The village was situated on the coastal plain in a flat area that was slightly higher than the terrain to the south and southeast. Wadi al-Sarar ran about 1 km southwest of it. A secondary road linked Shahma to a highway that led to al-Ramla and the coastal highway. Just north of the village was 'Aqir military airport, built by the British during World War II; Shahma military base lay to the north and east. In the late nineteenth century, Shahma was a small village built of adobe bricks; its inhabitants drew their water from a well to the south.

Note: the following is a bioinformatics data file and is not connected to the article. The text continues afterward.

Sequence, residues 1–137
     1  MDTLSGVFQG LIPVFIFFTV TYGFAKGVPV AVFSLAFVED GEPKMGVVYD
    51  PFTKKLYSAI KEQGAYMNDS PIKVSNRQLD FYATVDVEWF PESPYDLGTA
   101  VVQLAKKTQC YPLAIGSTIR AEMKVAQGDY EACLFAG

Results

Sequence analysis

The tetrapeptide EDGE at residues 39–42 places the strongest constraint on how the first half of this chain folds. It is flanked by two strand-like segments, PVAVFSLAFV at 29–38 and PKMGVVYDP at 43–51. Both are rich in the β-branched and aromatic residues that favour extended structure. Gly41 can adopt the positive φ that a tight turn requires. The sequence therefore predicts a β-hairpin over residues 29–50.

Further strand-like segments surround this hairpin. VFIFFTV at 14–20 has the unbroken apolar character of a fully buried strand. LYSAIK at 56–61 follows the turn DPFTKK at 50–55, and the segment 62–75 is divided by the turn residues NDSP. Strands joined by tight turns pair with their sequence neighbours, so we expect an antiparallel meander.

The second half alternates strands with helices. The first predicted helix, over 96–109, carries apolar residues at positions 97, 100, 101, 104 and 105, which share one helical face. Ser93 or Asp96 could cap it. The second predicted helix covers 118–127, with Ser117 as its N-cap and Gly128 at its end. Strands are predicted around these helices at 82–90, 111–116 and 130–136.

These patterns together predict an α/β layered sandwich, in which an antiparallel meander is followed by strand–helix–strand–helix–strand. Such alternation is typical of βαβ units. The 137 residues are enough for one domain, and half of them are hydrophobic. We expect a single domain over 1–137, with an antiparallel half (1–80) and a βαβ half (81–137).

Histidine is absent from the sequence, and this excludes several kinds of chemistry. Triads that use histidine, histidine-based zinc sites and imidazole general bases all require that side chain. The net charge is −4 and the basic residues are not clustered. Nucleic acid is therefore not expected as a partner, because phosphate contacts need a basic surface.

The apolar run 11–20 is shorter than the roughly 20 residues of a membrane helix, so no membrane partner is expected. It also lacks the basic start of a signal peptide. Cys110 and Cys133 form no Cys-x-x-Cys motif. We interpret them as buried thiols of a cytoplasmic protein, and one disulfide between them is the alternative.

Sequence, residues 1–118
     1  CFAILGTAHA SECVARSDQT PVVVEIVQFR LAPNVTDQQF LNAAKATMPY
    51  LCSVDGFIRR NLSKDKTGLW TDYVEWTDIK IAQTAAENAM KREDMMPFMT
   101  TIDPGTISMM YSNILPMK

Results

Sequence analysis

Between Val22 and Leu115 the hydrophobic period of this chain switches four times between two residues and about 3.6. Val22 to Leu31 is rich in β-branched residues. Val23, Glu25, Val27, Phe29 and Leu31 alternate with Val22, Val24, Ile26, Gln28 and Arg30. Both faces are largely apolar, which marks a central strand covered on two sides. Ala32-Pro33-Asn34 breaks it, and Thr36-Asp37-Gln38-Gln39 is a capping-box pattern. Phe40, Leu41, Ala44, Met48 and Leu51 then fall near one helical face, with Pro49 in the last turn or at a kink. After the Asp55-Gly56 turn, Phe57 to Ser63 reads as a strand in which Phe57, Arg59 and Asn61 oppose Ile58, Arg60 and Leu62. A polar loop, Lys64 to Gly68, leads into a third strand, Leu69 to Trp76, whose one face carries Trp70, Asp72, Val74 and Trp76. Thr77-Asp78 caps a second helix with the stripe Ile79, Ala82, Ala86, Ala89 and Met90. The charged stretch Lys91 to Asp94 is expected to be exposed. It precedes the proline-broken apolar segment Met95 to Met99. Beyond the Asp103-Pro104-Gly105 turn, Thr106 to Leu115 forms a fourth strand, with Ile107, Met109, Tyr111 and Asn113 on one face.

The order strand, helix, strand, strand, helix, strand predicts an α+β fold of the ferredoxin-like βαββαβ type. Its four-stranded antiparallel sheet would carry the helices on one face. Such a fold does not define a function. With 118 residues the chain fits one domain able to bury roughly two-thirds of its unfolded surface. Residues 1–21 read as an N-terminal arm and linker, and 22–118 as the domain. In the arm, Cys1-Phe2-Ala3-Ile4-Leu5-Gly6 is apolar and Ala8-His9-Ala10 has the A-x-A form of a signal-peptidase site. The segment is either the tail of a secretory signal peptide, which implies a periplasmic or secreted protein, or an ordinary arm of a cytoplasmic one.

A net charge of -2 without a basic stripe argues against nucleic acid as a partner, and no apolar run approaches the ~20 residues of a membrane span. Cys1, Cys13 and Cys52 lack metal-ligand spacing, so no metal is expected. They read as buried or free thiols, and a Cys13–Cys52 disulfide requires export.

Classified as a hamlet by the Mandate-era Palestine Index Gazetteer, the village was divided into two sections, north and south, by the secondary road mentioned above. Some of its houses were built in part with the stone remains of previous settlements on the site. Shahma's entire population was Muslim. Its economy was based on agriculture, especially grain cultivation, and to a lesser extent on animal husbandry. In 1944/45 a total of 152 dunums was devoted to citrus and bananas and 4,911 dunums were allotted to cereals; 33 dunums were irrigated or used for orchards.
There are no Israeli settlements on village land.
The site has been incorporated into a fenced-in military airfield. It is marked by cactuses and bushes that are visible from the outside.